It is important to play gambits as part of a player's development cycle, to learn how to attack, maintain the initiative, and convert material minus into a winning position. Then, when you become stronger, you will have the appropriate understanding to convert such positions to wins. I talk about this in one of my books. I met Carissa Yip on one of my trips back home to Lowell, MA, at the Fitchburg Chess Club, a couple of years ago. I also gave her a free copy of one of my books.  

    Thanks, Joel

  • 3 months ago

    naruhodo

    Thank you, Joel! This is a great article, and I'm studying it. I'm going to check out your book.

    I strongly disagree with Johnny. Showing your games against lower-rated players is a great idea, similar to some of the games in Chernev's classic Logical Chess. Grandmaster v. Grandmaster games are often too hard for beginners to understand, as they require calculation that goes beyond the ability of most beginners. Gambits are fun for us lower-rated players, and they demonstrate easy-to-understand tactics. Plus, they're fun!

    These gambits are also perfectly sound if you're playing people at lower levels. Grandmaster Larry Christiansen recommends experimenting with gambits, and he recently studied the Smith Morra as a weapon to be used for his own games, even at the grandmaster level! His star prodigy Carissa Yip (who became an expert at the age of 9 and is currently one of the top young players in the U.S.) plays gambits against other expert-level players. If it works for people at that level, it will definitely work for the rest of us too.

    Anyway, thanks again for sharing this!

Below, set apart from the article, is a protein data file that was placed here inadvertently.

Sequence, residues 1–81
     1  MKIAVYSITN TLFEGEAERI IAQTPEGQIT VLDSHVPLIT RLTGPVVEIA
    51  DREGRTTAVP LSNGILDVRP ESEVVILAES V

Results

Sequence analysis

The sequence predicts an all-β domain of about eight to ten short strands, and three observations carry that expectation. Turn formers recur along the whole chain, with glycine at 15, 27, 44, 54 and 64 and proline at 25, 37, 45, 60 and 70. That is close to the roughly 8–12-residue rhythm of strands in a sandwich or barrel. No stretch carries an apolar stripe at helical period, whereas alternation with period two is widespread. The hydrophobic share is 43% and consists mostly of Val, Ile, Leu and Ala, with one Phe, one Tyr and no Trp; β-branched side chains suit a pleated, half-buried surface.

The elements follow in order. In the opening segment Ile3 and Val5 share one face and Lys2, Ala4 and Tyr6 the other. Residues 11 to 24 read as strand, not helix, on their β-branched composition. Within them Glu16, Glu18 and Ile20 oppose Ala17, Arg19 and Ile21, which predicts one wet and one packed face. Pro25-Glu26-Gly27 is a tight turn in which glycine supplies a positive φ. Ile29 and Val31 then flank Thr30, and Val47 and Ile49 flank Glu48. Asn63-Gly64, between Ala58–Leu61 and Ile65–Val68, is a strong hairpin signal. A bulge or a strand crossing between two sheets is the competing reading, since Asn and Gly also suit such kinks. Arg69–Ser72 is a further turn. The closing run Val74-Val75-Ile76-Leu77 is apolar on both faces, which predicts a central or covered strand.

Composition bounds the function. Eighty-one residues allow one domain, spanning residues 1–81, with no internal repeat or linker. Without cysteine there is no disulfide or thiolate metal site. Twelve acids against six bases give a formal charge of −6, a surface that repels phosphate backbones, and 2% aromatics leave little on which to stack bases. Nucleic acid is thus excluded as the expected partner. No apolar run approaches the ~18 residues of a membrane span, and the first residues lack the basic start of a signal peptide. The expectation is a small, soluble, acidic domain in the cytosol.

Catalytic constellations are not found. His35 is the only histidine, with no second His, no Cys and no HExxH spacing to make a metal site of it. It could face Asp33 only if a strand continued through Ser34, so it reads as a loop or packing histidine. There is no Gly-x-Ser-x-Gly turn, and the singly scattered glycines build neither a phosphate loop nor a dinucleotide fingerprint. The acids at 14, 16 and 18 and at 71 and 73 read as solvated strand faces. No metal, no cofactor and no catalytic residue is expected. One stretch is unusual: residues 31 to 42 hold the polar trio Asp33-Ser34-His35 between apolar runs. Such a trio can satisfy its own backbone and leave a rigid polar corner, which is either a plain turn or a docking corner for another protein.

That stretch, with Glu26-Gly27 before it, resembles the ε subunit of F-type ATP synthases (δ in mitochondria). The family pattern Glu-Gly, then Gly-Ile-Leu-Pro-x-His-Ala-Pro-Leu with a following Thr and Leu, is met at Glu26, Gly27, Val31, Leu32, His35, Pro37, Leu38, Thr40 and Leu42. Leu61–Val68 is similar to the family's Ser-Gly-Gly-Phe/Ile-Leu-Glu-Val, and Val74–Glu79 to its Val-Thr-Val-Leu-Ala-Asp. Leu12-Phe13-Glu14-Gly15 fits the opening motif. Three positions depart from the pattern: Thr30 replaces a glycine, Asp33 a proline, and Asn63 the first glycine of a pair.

• 4 months ago

    junseonglee

    sometimes danish gambit is good

    and also there is queen d2 after bb4+

  • 4 months ago

    JohnnySaysThankYou

    You should not be teaching losing variations to lower rated players. My teacher has always taught me how to beat the best. People will not get good at chess if they hang on to what's making them lose and opening plays into

    that. To play the opening well is so important and teaching people gambits is only going to get them killed when they try to make the leap to master level. It's hard to defend gambits but defenders love them cause they get the material and run. One should always be working to eliminate weaknesses and gambits create a weakness in the opening right from the start. There are good gambits yes, but you are

    advocating teaching the Danish which loses instantly to the variation I mentioned and it's more resilient cousin the smith morra. These are unsound. If one wants to play sound gambits and be aggressive the Marshall gambit is an amazing system and so is the benko. But these are complicated for lower level players and so if you want to play them you better know what you're doing or you have no chance.

  • 4 months ago

    Joseacarrillo

    Looks like a nice book to learn attacking style ;)

  • 4 months ago

    berrychess

    Let the guy alone: he talked about using it agains 1000 to 1800 players. Works like charm at low level.

  • 4 months ago

    JohnnySaysThankYou

    People like this should not be writing books. The Danish Gambit is not sound and will not work against better players. Just FYI. As soon as you know to play 5...d5 with the idea of if bishop takes playing Nf6 Bxf7 Kxf7 Qxd8 Bc4+!! with the rook about to win white's queen and black being up material with an easy win the danish gambit becomes trivial. What's more, good attack is not built on psychology but on positional soundness. Tal never played a gambit in his life.

  • 4 months ago

    penguin507

    hello?

    Embarassed